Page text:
I lock my arms in a stranglehold around his neck, blubbering in his throat. “But you—not here—worried—I couldn’t—”
“I also told you not to worry.” His exasperated voice has never sounded more like music to me. “You don’t really think someone can hurt Benson and me, do you?”
“No, but—you’re tired—and stressed—and—”
“Shh, it takes a lot more than that to take me down.” He cradles me in his arms and kisses my hair, all anger seemingly forgotten—or vanished I should say, for him.
“I’m glad you’re home,” I sniffle, crushing myself closer to him and inhaling his scent.
“I’ve told you this, too.” He sighs again, but his lips stay in my hair. “I’ll always come back to you.”
The cottage door flies open then. “Aiden?” Stella cries and hurtles down the path, Robert on her heels.
“Oh, fuck, does no one listen to me?” Aiden mutters under his breath, setting me on my feet without releasing his hold around my waist as he turns to reassure his poor parents. I peek at Benson in his usual spot behind Aiden. He winks at me, but there is a shadow of worry in his brown eyes.
“Are you okay?” I mouth at him behind Aiden’s arm as Aiden keeps saying I’m fine to Stella.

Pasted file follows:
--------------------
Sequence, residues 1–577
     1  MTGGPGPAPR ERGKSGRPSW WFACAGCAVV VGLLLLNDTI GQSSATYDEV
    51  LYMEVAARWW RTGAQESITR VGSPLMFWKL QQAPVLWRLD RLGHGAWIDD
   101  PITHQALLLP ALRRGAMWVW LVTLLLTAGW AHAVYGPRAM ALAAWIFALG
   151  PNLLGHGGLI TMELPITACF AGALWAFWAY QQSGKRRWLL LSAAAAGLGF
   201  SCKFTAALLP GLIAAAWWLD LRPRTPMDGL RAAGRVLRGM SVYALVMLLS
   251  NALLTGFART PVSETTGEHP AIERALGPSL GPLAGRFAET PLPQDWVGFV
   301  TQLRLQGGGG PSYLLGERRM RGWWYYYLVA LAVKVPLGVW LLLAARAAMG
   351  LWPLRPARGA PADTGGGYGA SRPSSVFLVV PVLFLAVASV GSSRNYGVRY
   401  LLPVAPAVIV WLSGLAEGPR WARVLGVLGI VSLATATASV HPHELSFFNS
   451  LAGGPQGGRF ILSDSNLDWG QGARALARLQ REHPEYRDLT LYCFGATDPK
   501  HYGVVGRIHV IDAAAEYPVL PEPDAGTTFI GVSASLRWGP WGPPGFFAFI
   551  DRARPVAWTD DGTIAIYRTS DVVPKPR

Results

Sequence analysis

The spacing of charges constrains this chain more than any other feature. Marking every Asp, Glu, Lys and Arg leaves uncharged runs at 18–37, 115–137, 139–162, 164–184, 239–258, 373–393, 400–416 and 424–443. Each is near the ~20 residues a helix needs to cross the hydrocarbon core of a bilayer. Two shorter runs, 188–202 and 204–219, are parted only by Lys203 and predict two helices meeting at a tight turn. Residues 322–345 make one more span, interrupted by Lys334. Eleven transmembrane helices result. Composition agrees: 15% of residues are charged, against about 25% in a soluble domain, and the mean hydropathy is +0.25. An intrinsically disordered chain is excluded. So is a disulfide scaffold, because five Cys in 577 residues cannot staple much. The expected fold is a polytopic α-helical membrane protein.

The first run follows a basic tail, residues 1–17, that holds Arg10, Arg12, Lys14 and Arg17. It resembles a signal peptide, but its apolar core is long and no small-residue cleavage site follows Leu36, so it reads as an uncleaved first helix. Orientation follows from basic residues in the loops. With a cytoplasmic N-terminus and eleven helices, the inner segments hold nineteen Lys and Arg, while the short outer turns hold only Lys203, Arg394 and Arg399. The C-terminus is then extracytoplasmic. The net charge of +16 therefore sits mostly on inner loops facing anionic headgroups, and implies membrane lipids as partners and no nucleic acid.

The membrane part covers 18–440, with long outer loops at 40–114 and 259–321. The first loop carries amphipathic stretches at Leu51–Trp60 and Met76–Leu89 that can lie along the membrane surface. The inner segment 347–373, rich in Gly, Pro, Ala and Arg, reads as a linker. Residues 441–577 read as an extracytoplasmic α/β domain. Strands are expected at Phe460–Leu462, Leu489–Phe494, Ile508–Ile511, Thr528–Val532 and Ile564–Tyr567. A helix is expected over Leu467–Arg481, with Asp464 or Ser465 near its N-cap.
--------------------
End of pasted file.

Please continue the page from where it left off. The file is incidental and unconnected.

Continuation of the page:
Benson nods with a smile.
“And him?” I tilt my head slightly toward Aiden.
“Worried,” Benson mouths back and the smile disappears.
I tighten my grip on Aiden’s arm, resting my head against his stony bicep. It softens at the point of contact, but I still don’t let go of him or he of me as we troop back to the cottage. His eyes devour the garden corner to corner, and he crouches at the Clare to pick up my fuzzy slipper.
“Here you go, Cinderella.” He slides it back on my foot, his exhausted smile more dazzling to me than the new sun. Then he squints across the rose bush at the garden shed and the hybrid behind it.
“I checked,” I say immediately so he doesn’t have to wonder or spend any more time on his feet.
The V appears between his eyebrows. “And?”
I shake my head, aware of all the eyes and ears on us. “Everything is there, but I can’t tell if they moved an inch or two. I’m so sorry.” My last three words stun us both. Until they slipped out of my mouth under his gaze, I didn’t know I preferred a real intruder to giving Aiden this news.